5. Defendants Akbar Ali ("Ali") and Khawar N. Mir ("Mir") are both residents of the State of New York. Ali resides at 1028 N. Hamilton Avenue, Lindenhurst, New York 11758, and Mir resides at 18 Barbara Lane, Farmingdale, New York 11735.

6. Ali and Mir are defendants in CV 90-1375. Ali and Mir have been franchised to operate a 7-ELEVEN store (No. 2423-16299) located at 355 Boyle Road, Selden, New York 11784, pursuant to a store franchise agreement dated September 8, 1988.

7. Mir and his wife, Rukhsana K. Mir (the "Mirs"), also have been franchised to operate a 7-ELEVEN store (No. 2422-23862) located at 725 Fulton Street, Farmingdale, New York 11735, pursuant to a store franchise agreement dated August 16, 1983.

8. Asim Nasim ("Nasim"), defendant in CV 90-1377, resides at 320 Nassau Road, Apartment 1E, Huntington, New York 11743. Nasim has been franchised to operate a 7-ELEVEN store (No. 2423-16050) located at 2140 Motor Parkway, Hauppauge, New York 11787, pursuant to a store franchise agreement dated March 31, 1988.

9. Jameel Bukhari ("Bukhari"), defendant in CV 90-1378, resides at 24 Thomas Drive, Hauppauge, New York 11788. Bukhari has been franchised to operate a 7-ELEVEN store (No. 2423-11211) located at 722 Townline Road, Hauppauge, New York 11787, pursuant to a store franchise agreement dated September 26, 1988.

10. The four franchised stores that are the subject of these actions are situated in two of the three markets that comprise the New York Division of Southland. One of such markets encompasses that part of Long Island lying roughly west of the Sagtikos Expressway, much of which is in Nassau County. There are sixty-seven 7-ELEVEN stores in that market including the one operated by the Mirs in Farmingdale. Gary Padilla ("Padilla") is the Nassau Market Manager.

11. The other market at issue encompasses that part of Long Island lying roughly east of the Sagtikos Expressway, all of which is in Suffolk County. There are seventy-two 7-ELEVEN stores in that market, including the other three operated by the defendants here. The Suffolk Market Manager is Robert S. Cadigan ("Cadigan").

12. The amount of damages sought by Southland, plus the value of the personal and real property which it seeks to recover, in each of the actions, exceeds $50,000, exclusive of interest and costs.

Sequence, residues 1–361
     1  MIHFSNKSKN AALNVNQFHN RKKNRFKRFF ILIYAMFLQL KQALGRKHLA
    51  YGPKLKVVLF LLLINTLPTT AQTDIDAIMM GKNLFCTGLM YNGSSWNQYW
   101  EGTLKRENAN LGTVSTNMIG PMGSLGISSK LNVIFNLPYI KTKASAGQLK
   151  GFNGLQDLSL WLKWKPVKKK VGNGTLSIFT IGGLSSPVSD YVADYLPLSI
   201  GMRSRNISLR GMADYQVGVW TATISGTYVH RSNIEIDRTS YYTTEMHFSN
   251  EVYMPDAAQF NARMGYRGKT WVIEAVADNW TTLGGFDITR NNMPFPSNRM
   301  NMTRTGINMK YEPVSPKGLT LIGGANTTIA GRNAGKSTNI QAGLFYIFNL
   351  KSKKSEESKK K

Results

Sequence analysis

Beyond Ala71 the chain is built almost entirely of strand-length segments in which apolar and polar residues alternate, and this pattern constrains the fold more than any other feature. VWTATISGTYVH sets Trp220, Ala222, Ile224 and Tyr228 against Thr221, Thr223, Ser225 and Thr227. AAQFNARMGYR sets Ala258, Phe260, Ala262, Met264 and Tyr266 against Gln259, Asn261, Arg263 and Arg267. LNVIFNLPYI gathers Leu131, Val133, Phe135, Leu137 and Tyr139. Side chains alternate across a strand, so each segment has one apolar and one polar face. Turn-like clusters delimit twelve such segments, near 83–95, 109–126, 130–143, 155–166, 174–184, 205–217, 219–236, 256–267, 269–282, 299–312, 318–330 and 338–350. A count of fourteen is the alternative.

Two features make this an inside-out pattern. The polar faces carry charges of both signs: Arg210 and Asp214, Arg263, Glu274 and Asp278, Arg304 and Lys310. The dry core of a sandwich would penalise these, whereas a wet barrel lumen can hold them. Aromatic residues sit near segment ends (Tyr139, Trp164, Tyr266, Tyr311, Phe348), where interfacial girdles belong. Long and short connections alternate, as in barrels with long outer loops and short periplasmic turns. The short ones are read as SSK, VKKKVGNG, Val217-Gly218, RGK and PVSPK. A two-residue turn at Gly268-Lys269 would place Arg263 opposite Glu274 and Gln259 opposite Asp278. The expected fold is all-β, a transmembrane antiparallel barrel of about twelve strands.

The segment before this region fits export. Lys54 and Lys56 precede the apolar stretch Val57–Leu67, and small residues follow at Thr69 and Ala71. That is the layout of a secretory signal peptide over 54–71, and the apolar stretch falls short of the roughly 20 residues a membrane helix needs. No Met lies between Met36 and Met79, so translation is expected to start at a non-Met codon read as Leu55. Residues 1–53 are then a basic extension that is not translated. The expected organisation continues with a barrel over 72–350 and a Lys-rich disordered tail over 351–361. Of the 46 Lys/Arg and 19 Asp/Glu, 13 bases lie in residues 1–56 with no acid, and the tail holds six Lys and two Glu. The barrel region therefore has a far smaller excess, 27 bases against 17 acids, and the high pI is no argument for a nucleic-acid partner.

13. On April 26, 1990, and April 27, 1990, the franchisees commenced the State Court Actions seeking preliminary injunctions against termination of the franchise agreements, and in each case, a temporary stay was obtained ex parte.

14. On April 27, 1990, and April 30, 1990, the State Court Actions were removed to this court. On April 27, 1990, Southland also filed, as of right, an amended complaint and filed applications for orders of seizure (replevin) against all of the franchisees for the return of the inventory securing Southland's loan and for an order of attachment against Nasim.

15. On May 2, 18, 30, and 31, 1990, and June 8, 1990, an evidentiary hearing was conducted on (a) the applications of the franchisees for preliminary injunctions against termination of their respective store franchise agreements and (b) Southland's applications for an order of seizure (replevin) and an order of attachment.

16. On May 17, 1990, Southland issued and delivered to each of the franchisees between two and four discrete notices of termination of each of the respective store franchise agreements encompassing the following:

  (i) failure to report merchandise inventory cash
  purchases;
  (ii) failure to report merchandise purchases cash
  rebates;
  (iii) failure to record or report lottery ticket
  sales, with a resulting improper reduction in
  merchandise sales;
  (iv) failure to record or report lottery
  commissions income; and
  (v) failure to record or report amusement games
  income.

17. On May 21, 1990, Southland moved by Order to Show Cause to further amend its complaint. On May 30, 1990, the Court granted Southland's motion, Southland's second amended complaint was deemed served as of such date, and proof was received concerning the events described in the May 17, 1990 notices of termination.

The 7-ELEVEN Franchising System

18. Southland's essential financial interest is in receiving a percentage of the Gross Profit (Net Sales less Cost of Goods Sold) derived from operation of a franchised store, which percentage is designated in the store franchise agreement as the 7-ELEVEN Charge. The Net Income in which the franchisee has the sole interest is the amount remaining after deducting Operating Expenses (such as payroll and similar expenses) and the 7-ELEVEN Charge from the Gross Profit. Operating Expenses do not include store repairs, replacement of equipment, insurance, real property taxes, any rental charge, electricity, heat or other utility costs, all of which are borne by Southland.